It may also be useful to start a social media committee, or a group of employees from a variety of teams who collaborate on the social media policy, Swanson says. HR, for example, could help to set clear directives on how employees can post on their personal accounts.

“There needs to be a social media committee,” Swanson says. “You’re bringing people in at a bank or credit union who think about compliance. I want HR sitting on that committee in regards to the dos and don’ts that employees should or should not do on social media.”

Read more:

Engage with the Local Community Online

A major pitfall that community banks face when it comes to social media is spending too much time marketing new products, and not enough time engaging with the community. Products and services can be part of the conversation, Swanson says, but it shouldn’t be a big part. Only about 20 percent of all social posts should be related to products and services.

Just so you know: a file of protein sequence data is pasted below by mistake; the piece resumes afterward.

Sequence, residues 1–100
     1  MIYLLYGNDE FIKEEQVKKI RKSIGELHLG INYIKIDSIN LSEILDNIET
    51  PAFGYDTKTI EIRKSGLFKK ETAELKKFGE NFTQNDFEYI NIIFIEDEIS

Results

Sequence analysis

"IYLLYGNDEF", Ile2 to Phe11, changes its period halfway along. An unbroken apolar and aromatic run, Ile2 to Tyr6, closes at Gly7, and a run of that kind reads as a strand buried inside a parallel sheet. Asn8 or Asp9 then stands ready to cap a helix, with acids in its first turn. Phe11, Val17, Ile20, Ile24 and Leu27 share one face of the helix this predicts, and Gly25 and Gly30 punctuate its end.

Instead, focus on engaging with the local community. Smaller banks will see the greatest value on social media by interacting with niche audiences locally that are most likely to either be, or become, customers.

“It’s about being in the community,” Swanson says. “The events they’re doing face to face will be amplified into the digital channel.”

Posts that get shared more widely on any social media platform are usually ones that highlight a particular individual and their work. People like to see other people on their social media feed, says Erika Lovegreen, senior vice president of marketing at ICUC, a Dentsu agency that works with banks including Goldman Sachs and JPMorgan Chase.